And yet, when he took office, the USPS, which delivers 44% of the world’s total mail volume and is largely self-funded, was in real trouble. It had enough cash to last just 60 days, and was projected to lose $20bn in 2020 and $160bn by 2030. The problem was twofold. First, the volume of first-class mail—which includes letters, postcards, bills and lightweight packages—had declined markedly, from roughly 103.7bn pieces in 2001 to 52.6bn in 2020 (it has continued falling, see charts). Even with increased package volume, that shift led to a 36% revenue decline from 2007 to 2020.
Louis DeJoy’s ambitious plans for America’s postal service[ad_1]
ASK THE average American what the National Institute of Standards and Technology does, or where the closest Department of Agriculture Service Centre is, and you’ll probably get a blank stare in return. But everyone knows what the United States Postal Service (USPS) does and where the nearest post office is. No federal agency is more recognisable, or older: the USPS predates the Declaration of Independence.
Similarly, most Americans would have no problem explaining, at least roughly, what the president does, or who the first one was. Doing the same for postmaster-general (PMG) would be trickier. The first was better known for other achievements, such as inventing the lightning rod and helping draft the Declaration of Independence. Louis DeJoy, who has held the office for just over three years, is the 75th PMG. If he is less obscure than his predecessors, that stems from the politically fraught period (in the middle of a pandemic, immediately before the 2020 election) during which he took office, and the conspiracy theories whipped up by the Trump-enraged American left. In office, Mr DeJoy has proved to be effective and ambitious—but his biggest tests lie ahead.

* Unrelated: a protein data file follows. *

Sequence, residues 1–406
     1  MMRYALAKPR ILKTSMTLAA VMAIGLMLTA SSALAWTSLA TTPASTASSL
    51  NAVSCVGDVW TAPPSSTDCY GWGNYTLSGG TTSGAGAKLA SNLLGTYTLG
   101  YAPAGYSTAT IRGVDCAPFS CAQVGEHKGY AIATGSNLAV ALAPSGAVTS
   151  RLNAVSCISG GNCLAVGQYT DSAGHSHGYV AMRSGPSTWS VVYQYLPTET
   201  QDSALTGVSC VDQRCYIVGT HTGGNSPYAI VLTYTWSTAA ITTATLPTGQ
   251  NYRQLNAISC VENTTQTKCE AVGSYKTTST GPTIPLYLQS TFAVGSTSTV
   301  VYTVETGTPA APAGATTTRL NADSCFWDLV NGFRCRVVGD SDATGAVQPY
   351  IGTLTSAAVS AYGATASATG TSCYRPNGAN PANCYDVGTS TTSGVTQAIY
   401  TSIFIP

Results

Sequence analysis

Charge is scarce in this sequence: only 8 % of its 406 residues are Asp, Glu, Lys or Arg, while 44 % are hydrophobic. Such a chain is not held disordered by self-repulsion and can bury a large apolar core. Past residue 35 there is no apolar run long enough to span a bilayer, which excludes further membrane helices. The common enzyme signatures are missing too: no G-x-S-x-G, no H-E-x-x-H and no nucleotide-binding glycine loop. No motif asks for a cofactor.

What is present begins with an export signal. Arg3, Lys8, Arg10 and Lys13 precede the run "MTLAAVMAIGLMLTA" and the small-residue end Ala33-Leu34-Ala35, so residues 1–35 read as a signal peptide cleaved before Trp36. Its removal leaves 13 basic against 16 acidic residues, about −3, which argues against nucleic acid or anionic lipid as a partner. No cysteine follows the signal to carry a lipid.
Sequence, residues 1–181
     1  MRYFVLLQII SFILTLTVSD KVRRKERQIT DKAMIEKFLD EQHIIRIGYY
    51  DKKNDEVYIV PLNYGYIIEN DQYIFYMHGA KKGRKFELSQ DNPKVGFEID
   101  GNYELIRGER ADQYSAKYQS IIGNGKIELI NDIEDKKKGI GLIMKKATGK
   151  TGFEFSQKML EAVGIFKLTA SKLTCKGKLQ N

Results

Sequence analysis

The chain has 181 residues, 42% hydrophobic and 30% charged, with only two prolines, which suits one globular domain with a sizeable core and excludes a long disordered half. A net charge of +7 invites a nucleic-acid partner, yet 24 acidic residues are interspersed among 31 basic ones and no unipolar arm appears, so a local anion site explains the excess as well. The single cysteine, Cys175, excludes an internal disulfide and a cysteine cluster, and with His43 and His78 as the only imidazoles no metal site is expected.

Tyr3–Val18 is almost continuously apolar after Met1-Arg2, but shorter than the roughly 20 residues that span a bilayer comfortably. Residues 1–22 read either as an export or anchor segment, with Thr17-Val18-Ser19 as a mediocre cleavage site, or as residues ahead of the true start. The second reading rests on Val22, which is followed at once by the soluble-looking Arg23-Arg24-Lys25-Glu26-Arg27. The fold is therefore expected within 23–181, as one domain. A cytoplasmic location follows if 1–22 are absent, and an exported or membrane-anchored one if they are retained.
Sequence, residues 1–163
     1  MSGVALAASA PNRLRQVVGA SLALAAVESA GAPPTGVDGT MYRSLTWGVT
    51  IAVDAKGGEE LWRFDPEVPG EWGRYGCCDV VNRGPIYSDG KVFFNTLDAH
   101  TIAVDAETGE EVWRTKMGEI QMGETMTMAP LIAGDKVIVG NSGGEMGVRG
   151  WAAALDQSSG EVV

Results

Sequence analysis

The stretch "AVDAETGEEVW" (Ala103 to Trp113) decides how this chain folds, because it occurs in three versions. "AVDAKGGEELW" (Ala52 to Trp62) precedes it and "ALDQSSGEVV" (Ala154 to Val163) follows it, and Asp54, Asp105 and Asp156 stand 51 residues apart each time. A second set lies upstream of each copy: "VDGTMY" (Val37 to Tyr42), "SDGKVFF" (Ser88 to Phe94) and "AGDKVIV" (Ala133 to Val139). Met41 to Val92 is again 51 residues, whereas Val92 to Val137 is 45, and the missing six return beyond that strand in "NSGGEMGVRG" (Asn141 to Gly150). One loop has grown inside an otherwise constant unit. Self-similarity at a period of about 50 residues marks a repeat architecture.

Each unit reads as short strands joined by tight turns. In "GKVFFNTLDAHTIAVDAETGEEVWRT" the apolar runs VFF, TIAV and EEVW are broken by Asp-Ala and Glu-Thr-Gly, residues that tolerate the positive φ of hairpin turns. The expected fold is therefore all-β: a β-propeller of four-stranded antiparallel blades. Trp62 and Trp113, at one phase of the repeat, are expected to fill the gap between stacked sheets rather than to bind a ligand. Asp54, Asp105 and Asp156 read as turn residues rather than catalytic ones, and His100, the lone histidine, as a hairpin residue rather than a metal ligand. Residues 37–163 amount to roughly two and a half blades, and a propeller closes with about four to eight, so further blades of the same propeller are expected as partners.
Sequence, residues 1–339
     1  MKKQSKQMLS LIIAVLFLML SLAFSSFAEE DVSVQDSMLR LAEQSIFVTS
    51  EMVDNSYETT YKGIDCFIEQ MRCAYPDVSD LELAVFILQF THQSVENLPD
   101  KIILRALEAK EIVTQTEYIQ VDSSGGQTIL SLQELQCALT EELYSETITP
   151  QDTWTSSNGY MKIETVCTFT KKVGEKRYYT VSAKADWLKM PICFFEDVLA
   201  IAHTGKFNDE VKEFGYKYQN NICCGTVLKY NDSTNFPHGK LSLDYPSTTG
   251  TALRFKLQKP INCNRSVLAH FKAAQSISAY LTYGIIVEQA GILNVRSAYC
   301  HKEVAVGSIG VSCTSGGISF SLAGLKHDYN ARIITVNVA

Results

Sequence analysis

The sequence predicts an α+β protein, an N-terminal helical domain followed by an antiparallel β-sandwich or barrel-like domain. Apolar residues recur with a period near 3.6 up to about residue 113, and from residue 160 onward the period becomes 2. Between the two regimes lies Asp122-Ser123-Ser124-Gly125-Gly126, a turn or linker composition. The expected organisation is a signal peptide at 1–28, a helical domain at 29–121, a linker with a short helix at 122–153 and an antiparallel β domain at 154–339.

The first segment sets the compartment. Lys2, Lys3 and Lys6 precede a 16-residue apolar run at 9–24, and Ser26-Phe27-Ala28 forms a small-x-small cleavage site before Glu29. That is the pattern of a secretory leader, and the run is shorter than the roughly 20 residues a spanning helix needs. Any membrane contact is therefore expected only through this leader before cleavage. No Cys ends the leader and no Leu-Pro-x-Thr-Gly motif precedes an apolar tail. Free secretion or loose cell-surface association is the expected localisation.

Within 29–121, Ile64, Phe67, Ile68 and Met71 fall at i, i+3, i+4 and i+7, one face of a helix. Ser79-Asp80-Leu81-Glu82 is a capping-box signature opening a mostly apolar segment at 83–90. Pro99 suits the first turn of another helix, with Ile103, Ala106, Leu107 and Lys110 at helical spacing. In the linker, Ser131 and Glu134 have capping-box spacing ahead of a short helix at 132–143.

Those conspiracy theories painted Mr DeJoy as a Trojan horse dispatched to destroy the USPS. A generous donor to Republicans generally and Donald Trump in particular, he was the first postmaster-general in decades to take the helm without rising through the USPS ranks. Just weeks before he was appointed, then-President Trump called the USPS—which because of covid-19 was about to play an unusually large role in the upcoming election—“a joke”, and soon afterwards mused about withholding USPS funding to prevent postal voting. Protesters demonstrated outside Mr DeJoy’s homes in Washington, DC, and North Carolina. Gerry Connolly, a Democratic congressman who chaired the subcommittee overseeing the USPS, called him a “partisan donor” whose appointment was a reward.
Second, because of a law passed in 2006, the USPS—uniquely among federal agencies—must pre-fund the health benefits it provides for its retired workers. The intent was to ensure that such benefits existed in the future; the result was billions of dollars in annual losses for the USPS. Combine those two factors with the statutory requirements to deliver the mail to 165m addresses six days a week, charging someone in a house next to a post office in a city the same as someone at the end of a dirt road in Alaska, and it is easy to see how solvency worries might arise.